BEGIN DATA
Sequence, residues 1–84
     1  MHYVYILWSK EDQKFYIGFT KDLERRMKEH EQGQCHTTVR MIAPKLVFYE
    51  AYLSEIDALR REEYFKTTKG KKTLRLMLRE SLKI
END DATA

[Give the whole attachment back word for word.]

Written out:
Sequence, residues 1–84
     1  MHYVYILWSK EDQKFYIGFT KDLERRMKEH EQGQCHTTVR MIAPKLVFYE
    51  AYLSEIDALR REEYFKTTKG KKTLRLMLRE SLKI